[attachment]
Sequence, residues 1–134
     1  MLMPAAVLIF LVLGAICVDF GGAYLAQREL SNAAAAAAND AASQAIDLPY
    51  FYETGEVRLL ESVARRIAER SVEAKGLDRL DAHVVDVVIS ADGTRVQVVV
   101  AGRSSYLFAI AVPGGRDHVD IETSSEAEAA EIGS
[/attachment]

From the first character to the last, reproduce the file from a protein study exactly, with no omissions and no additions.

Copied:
Sequence, residues 1–134
     1  MLMPAAVLIF LVLGAICVDF GGAYLAQREL SNAAAAAAND AASQAIDLPY
    51  FYETGEVRLL ESVARRIAER SVEAKGLDRL DAHVVDVVIS ADGTRVQVVV
   101  AGRSSYLFAI AVPGGRDHVD IETSSEAEAA EIGS